From Disney Channel star, to movie actor, to his current vocation as a controversial artist, Shia LaBeouf’s journey in the entertainment industry has been all but conventional. Recently, LaBeouf has taken on the persona of friendly but strange drifter, both entertaining and surprising all who still observe him. In his latest installation, LaBeouf has started a four-year long protest of President Donald Trump, all livestreamed to his fans.

The new president is familiar with protests over his election victory, but LaBeouf’s protest stands out as unique. A four-year long protest seems impossible considering how often a passionate movement can fizzle out over time. However, with LaBeouf leading the charge, there is no telling how long the  demonstration may last.

Unsurprisingly,  the livestreamed protest has not been short on controversy. LaBeouf has dealt with white supremacists and general opposition, the most toxic but well-handled of these interactions occured when a passerby said “fourteen” into the camera that was livestreaming the protest.
The word “14” is a secret message to other white supremacists, referencing the phrase, “we must secure the existence of our people and a future for white children,” as the phrase contains “14” words.

LaBeouf obviously acted against the white supremacist by getting directly in the uninvited guest’s face shouting “he will not divide us!” The two shouted at each other for a few minutes before the white supremacist finally left and the protest could continue peacefully.

LaBeouf had another altercation which led to his being arrested. Supposedly, a young man approached LaBeouf for a picture but said, “Hitler did nothing wrong,” when he got close.

LaBeouf’s mother is Jewish and he considers himself Jewish as well, so LaBeouf immediately took offense and took action. The two began shoving each other until eventually things escalated to the point where LaBeouf was taken in by police. He was out of jail and back at the protest by the next morning, however.

The four-year anti-Trump protest is being called another one of LaBeouf’s “art installations” which are known for being unique and unusual. His former fame helps elevate these installations and he has an impressive history of weirdness to boast.

The musical “Shia LaBeouf” reached over forty-four million views on YouTube and features a plot where someone is being chased through the wilderness by a murderous LaBeouf. In early 2014, LaBeouf starred in an art installation where he played a motionless statue that could not react no matter what awful things strangers said or did to him. LaBeouf was almost sexually assaulted during the installation and had to stop his performance, but there would be plenty of art in his name to come.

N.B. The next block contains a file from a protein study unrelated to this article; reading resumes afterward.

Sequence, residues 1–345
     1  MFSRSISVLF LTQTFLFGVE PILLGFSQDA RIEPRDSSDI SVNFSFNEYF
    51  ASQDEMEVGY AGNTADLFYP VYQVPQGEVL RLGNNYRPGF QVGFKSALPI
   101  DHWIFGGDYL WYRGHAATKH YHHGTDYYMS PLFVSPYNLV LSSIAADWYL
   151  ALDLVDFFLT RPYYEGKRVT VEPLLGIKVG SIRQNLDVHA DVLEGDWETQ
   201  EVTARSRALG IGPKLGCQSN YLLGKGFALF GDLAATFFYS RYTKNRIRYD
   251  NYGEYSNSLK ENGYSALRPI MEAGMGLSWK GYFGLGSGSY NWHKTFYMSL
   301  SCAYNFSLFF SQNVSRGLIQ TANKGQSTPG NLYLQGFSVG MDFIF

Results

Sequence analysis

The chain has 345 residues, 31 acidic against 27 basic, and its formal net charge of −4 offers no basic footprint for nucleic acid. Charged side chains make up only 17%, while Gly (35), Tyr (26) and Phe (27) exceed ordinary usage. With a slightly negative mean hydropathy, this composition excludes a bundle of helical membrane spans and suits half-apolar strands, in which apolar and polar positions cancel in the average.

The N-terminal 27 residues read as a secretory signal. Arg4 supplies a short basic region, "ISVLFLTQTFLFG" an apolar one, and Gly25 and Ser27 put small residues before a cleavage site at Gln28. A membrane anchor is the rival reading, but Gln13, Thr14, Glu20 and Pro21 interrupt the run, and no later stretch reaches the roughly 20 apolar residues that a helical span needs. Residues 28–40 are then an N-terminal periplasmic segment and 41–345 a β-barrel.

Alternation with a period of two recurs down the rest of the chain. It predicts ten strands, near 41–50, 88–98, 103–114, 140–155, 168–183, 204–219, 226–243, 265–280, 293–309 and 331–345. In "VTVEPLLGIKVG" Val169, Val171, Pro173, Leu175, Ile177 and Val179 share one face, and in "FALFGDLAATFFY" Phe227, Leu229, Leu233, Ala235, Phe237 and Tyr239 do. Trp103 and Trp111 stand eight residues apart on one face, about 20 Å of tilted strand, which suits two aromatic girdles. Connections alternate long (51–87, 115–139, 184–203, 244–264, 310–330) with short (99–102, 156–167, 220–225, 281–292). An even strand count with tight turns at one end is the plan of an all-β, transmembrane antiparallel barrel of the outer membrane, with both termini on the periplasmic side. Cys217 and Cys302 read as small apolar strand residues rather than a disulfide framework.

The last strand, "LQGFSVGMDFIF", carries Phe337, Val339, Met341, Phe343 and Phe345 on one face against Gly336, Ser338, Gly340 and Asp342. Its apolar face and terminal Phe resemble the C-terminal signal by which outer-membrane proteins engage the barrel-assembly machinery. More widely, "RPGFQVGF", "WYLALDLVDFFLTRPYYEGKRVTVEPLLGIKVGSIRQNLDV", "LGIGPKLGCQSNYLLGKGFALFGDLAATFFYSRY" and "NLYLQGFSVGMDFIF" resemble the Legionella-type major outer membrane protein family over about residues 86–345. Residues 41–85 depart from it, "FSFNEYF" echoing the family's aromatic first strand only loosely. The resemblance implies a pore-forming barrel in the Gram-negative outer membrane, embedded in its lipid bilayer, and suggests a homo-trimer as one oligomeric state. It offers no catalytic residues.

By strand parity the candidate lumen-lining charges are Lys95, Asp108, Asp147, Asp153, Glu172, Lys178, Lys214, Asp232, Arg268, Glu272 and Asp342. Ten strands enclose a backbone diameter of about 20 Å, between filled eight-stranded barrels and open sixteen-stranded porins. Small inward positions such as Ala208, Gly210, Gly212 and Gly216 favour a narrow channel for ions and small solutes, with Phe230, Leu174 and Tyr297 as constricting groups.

LaBeouf’s latest undertaking is but the latest stage in the his dramatic evolution, leaving many wondering not only what the protest will amount to, but about the artist behind it as well.

Split and the Shyamalan Redemption

by The Cowl Editor


Arts & Entertainment


Photo courtesy of backtothemovies.com.

 

by Michael Welch `17

A&E Staff

 

In perhaps the greatest M. Night Shyamalan twist yet, the director has turned his career around. Shyamalan burst onto the movie scene with thriller hits, The Sixth Sense, where he trademarked the Shyamalan twist that would be parodied and revered by his cult fan-base.

However, his name and trademark twists almost became a joke when he released several laughably bad films. The Happening featuring a lifeless performance from Mark Wahlberg, was a “horror” film where the monster was trees.

Devil featured five people in an elevator, the twist being the fact that one of them was the devil. But who? Nobody watched long enough to find out. The career-ender, however, was the insulting and infamous adaptation of The Last Airbender.

Many fans will never forgive Shyamalan for some of these films, but in the last few years there has been a surprising return to form for the ridiculed writer. His horror movie The Visit hit theaters in 2015 and received a surprisingly positive review from both critics and moviegoers alike.

The writing was fun, clever and scary at times, while the film featured a trademark Shyamalan twist that did not feel too rushed or stupid. It looked like Shyamalan was finally having fun writing again, but his reputation cannot be saved by one pretty-good movie.

That is what makes Split so important. This is the movie that could restore Shyamalan’s name to its former glory, and the reviews for Split are so-far extremely positive. Split is certified fresh on Rotten Tomatoes with a 76 percent from critics and an impressive 83 percent from moviegoers. The film features a dramatic one-man-show performance by James McAvoy who plays a man with split personalities.

His performance is the film’s main draw, but fans are also excited to see if Shyamalan is back to his old ways. Shyamalan creates a tense but fun environment to let McAvoy run wild with his performance as he plays almost twenty different characters without changing costume.

The film is currently in theaters and opened to positive box office numbers and reviews which is good news for Shyamalan fans who stuck with him through his awkward phase.

Split’s positive reception means studios will be more open to giving him money to create more of his tense thriller/horror films in that distinctive Shyamalan style. Fans of the well-executed twist ending can rejoice because it appears, in another shocking twist, that Shyamalan is back among the Hollywood elites.